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Literatures in English Research Guide

The following is intended as a general guide to research in literature.

Why Articles?

Articles represent shorter, more focused works of criticism. Because they can be published more quickly than books, they are often more recent.  Also, it is often easier to search for an article about a particular work than a book about the same work, because articles have a narrower scope than books do.

Literature-Specific Databases

These databases have special features designed specifically to help you search for criticism on literary works. 

Interlibrary Loan

Full-Text Collections

These collections have very few special search features, but they do allow you to search for the word(s) you want throughout the entire text of all the articles in the collection.

Related Databases

These databases aren't specific to literature, but they are important in related fields and may be of use. 

Finding Articles in Literature-Specific Databases

Searching by Work

In the databases, you can search for a particular work rather than an author.

Some databases (especially MLA International Bibliography) allow you to specify that you are searching for the title of a work.

Name of Work search in MLA International Bibliography

Use Name of Work to look for criticism on a a work of literature (for instance, Beloved).  

This gets you everything MLA has about the work, and only results related to that work.

Searching by Literary Author

There are some circumstances in which Person--About works better:

  • For poetry, as individual poems often aren't included in the index
  • For contemporary authors
  • When multiple works have the same or similar titles and you need to specify which one you want

Note that it's "person" instead of "author" -- you can also use this search for directors, illustrators, or others who contributed to a work.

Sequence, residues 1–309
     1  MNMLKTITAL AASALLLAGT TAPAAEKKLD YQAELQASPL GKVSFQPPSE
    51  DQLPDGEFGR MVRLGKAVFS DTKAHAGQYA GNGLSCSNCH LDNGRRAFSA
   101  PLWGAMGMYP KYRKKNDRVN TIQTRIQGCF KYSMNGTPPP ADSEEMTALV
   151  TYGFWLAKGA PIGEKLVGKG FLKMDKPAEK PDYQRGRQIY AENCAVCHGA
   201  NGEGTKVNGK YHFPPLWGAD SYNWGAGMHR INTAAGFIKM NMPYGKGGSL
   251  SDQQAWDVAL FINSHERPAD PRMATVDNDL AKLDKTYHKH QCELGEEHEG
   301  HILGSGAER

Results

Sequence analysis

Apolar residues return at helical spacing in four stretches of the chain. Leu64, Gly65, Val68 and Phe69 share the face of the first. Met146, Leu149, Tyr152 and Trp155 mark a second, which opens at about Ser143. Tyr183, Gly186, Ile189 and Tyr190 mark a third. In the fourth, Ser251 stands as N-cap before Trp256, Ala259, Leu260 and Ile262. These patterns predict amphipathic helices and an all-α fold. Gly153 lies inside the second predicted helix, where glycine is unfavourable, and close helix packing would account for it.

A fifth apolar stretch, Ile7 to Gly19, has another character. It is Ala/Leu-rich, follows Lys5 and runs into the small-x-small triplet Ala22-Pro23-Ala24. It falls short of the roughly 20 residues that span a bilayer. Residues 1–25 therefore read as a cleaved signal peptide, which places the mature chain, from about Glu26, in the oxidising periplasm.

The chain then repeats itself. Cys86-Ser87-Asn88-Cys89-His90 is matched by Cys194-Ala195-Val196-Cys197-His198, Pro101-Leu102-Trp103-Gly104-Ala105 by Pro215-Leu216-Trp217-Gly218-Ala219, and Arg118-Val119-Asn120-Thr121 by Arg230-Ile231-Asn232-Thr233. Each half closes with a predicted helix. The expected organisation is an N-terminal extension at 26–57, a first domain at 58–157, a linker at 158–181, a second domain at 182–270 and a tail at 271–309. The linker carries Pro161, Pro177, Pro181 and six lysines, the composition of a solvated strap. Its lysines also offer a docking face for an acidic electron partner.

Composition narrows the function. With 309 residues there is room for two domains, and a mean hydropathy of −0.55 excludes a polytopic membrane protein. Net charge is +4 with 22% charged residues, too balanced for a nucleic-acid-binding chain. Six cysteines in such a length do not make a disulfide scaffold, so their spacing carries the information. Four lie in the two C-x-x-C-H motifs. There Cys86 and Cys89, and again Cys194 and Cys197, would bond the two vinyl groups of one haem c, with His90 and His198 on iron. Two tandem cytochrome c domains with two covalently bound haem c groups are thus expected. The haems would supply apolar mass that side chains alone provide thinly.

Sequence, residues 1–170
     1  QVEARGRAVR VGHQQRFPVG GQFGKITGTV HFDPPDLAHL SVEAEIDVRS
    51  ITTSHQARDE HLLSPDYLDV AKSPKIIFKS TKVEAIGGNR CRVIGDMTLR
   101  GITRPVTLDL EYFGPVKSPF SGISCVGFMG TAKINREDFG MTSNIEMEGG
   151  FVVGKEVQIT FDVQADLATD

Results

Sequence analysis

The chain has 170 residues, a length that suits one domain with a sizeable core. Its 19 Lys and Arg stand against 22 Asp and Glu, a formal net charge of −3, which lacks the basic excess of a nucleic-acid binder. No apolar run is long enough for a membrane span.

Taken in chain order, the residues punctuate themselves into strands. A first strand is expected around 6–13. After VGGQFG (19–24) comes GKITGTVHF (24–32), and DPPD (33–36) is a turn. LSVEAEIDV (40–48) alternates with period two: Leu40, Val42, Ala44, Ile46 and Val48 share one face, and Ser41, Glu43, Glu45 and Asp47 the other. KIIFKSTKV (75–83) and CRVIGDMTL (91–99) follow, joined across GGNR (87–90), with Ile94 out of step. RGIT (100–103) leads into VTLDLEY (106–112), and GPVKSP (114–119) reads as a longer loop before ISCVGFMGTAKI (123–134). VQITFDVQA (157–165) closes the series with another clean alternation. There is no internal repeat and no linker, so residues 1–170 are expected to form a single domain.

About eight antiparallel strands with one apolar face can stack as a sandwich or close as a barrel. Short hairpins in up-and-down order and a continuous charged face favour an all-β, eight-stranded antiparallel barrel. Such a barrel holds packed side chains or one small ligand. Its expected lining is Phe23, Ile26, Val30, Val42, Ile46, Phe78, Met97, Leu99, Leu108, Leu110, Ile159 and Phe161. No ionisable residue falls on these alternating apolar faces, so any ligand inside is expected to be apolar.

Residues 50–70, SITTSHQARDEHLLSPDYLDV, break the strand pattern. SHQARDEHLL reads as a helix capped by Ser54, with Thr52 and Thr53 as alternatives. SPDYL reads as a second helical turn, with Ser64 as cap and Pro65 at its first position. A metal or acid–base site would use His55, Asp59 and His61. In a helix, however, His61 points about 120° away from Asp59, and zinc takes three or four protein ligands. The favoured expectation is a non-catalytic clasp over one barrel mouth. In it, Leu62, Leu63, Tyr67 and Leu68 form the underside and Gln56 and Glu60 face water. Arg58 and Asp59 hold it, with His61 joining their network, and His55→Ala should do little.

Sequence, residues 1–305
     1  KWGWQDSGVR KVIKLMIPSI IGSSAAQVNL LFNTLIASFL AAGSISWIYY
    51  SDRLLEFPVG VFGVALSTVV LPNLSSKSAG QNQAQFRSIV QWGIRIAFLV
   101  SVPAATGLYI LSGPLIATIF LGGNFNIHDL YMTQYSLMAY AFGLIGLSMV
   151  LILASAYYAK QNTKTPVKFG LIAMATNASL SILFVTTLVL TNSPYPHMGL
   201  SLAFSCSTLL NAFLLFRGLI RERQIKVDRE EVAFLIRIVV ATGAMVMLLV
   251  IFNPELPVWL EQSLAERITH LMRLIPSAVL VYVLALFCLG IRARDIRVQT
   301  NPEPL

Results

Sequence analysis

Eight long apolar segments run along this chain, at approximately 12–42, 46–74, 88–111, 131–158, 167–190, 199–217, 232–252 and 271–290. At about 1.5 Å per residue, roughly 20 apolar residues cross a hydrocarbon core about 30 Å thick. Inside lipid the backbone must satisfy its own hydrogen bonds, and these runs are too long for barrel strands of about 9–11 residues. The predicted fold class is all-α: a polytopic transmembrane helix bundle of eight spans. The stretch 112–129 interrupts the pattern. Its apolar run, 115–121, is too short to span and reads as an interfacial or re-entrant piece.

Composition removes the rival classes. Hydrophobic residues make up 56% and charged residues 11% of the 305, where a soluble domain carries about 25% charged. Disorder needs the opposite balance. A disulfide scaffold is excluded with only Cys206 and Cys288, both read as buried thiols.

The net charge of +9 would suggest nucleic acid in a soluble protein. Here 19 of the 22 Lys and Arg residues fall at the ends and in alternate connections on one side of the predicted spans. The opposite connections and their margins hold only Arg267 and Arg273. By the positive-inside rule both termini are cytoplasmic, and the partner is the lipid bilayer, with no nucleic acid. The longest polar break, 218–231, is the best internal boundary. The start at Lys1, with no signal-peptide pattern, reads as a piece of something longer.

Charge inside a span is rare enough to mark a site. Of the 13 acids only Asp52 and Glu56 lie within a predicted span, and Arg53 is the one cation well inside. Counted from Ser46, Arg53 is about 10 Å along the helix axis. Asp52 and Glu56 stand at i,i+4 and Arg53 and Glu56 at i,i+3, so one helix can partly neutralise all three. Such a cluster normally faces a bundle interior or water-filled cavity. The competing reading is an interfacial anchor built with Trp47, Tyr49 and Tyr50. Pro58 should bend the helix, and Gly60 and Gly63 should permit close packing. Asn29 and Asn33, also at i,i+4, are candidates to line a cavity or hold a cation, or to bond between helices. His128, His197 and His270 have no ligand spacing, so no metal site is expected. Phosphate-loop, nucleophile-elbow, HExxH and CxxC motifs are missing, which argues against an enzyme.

Searching by Keyword

If there are too many results, you can add a Keyword.  It's a good idea to look at the headings of the results you have already retrieved when choosing keywords. In MLA especially, I would advise you to brainstorm as many keywords as you can related to the idea you want. Join them together using the word OR. 

Finding Articles in Full-Text Collections

Full Text Search Strategies

In JSTOR and other full-text databases, you  can find all the articles that use a specific set of words, but you cannot specify that you are searching for the title of a literary work.

Quotation Marks

You can compensate for this by using quotation marks around the title, like this: 

"Raisin in the Sun" 

This will bring you more specific results than the same search without quotation marks. 

The same approach also works for other words you want to search as a phrase.

Search Terms

When you are searching a full-text database, it is important to know which words authors are likely to use.  Look through your readings to make sure you are using the most likely terms. 

Note that different authors may use different terms to describe the same phenomenon.

Limiters

Limiting by date can be really important, especially in JSTOR, which includes a lot of older material.